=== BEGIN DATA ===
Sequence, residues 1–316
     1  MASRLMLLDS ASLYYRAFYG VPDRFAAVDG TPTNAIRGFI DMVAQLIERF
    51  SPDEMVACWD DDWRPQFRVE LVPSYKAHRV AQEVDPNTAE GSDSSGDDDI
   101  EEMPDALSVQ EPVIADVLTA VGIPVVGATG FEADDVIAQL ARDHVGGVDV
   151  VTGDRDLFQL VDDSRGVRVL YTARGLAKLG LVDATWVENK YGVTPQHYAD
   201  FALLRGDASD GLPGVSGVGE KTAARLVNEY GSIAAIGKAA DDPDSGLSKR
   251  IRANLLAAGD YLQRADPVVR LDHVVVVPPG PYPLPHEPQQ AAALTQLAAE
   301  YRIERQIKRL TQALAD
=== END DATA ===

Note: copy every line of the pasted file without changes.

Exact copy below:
Sequence, residues 1–316
     1  MASRLMLLDS ASLYYRAFYG VPDRFAAVDG TPTNAIRGFI DMVAQLIERF
    51  SPDEMVACWD DDWRPQFRVE LVPSYKAHRV AQEVDPNTAE GSDSSGDDDI
   101  EEMPDALSVQ EPVIADVLTA VGIPVVGATG FEADDVIAQL ARDHVGGVDV
   151  VTGDRDLFQL VDDSRGVRVL YTARGLAKLG LVDATWVENK YGVTPQHYAD
   201  FALLRGDASD GLPGVSGVGE KTAARLVNEY GSIAAIGKAA DDPDSGLSKR
   251  IRANLLAAGD YLQRADPVVR LDHVVVVPPG PYPLPHEPQQ AAALTQLAAE
   301  YRIERQIKRL TQALAD